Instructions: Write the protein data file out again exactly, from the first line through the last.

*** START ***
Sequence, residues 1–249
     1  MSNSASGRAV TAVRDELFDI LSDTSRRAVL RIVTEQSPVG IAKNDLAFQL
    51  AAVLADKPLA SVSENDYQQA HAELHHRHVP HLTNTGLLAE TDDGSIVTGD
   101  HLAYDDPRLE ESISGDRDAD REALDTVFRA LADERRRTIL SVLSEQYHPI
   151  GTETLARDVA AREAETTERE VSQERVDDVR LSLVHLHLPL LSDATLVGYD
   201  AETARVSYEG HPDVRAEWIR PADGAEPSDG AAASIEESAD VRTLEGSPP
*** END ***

Sequence, residues 1–249
     1  MSNSASGRAV TAVRDELFDI LSDTSRRAVL RIVTEQSPVG IAKNDLAFQL
    51  AAVLADKPLA SVSENDYQQA HAELHHRHVP HLTNTGLLAE TDDGSIVTGD
   101  HLAYDDPRLE ESISGDRDAD REALDTVFRA LADERRRTIL SVLSEQYHPI
   151  GTETLARDVA AREAETTERE VSQERVDDVR LSLVHLHLPL LSDATLVGYD
   201  AETARVSYEG HPDVRAEWIR PADGAEPSDG AAASIEESAD VRTLEGSPP